The page is loaded with URL parameters to specify the dataset size. We start timing before the chart object is created and stop at the callback handler in the constructor, Chart, method. We repeat the experiment with the same dataset size on each browser used in the previous benchmarking experiments. Once the page is loaded on a browser, the dataset is randomly generated. Then, timing begins just before the chart object is constructed and stops at the callback method in Highcharts. The chart function is executed when the chart is finally displayed onto the screen. The following screenshot shows the time taken to display 3,000 data points on the Safari browser:

Comparing Highcharts' performance on large datasets

The following graph illustrates Highcharts' performance on different browsers with various dataset sizes. The lower the line, the less time it takes to display the number of data points, which indicates better performance:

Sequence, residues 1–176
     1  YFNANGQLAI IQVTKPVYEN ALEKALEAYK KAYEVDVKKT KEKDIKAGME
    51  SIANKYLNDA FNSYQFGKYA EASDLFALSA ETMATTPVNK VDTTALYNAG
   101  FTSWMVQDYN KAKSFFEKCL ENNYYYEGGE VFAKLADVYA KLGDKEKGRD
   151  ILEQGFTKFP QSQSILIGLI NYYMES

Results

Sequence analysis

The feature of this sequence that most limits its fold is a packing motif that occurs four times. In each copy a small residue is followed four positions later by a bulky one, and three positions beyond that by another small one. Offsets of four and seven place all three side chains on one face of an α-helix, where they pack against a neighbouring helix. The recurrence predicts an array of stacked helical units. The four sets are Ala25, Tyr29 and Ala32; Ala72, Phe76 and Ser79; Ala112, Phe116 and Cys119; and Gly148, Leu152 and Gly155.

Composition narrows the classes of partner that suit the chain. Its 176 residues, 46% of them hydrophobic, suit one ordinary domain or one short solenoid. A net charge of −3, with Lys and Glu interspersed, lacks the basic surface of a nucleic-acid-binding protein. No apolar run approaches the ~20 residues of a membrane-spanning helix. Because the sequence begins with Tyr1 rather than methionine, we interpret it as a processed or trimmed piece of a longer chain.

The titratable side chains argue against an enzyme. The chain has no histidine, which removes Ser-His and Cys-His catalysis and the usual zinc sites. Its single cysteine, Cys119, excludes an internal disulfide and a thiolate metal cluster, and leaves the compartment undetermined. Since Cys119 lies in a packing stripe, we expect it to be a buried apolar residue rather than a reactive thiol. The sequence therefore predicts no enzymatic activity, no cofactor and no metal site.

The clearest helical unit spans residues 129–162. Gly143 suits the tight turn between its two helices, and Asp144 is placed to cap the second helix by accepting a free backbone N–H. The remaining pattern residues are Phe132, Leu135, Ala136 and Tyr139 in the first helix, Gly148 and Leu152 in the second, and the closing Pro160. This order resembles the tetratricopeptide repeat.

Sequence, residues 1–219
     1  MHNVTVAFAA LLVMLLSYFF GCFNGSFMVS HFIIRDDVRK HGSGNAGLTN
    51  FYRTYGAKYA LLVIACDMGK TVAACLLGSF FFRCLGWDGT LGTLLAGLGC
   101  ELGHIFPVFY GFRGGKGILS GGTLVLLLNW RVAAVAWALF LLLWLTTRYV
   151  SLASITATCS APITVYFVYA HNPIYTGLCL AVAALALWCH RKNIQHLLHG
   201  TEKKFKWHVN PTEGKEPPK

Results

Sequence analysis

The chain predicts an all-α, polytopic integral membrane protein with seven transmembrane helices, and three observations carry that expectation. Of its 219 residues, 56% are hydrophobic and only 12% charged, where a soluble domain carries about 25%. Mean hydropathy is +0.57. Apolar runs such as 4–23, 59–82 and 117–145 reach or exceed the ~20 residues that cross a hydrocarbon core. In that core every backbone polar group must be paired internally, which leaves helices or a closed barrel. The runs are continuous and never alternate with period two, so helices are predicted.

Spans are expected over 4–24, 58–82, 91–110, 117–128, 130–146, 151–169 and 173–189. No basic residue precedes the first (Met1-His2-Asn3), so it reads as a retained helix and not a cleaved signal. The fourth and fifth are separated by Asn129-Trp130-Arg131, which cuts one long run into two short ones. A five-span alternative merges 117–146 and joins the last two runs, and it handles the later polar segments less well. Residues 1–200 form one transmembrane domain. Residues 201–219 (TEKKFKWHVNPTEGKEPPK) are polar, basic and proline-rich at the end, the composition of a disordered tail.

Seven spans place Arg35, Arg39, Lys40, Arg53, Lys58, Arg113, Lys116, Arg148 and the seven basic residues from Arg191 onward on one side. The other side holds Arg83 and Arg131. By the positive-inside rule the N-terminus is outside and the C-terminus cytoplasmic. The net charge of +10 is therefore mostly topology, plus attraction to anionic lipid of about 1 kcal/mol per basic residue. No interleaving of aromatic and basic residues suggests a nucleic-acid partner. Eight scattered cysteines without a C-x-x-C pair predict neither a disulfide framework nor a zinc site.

Comparing Highcharts' performance on large datasets

None of the browsers take particularly long to display large datasets. This shows the impressive scalable performance of Highcharts. Even IE 11, which is consistently slower in all tests, only takes 5.3 seconds to render 50,000 data points. As for smaller datasets, there is hardly any difference in timing. Both Firefox and Safari have very similar results, although Firefox is marginally better. This is due to the fact that there is no animation in scatter series and Firefox generally performs better without SVG animation. This also supports our findings in the least animated addSeries experiment, where Firefox required less CPU usage. As for Chrome, its performance is roughly equidistant between Safari/Firefox and IE 11.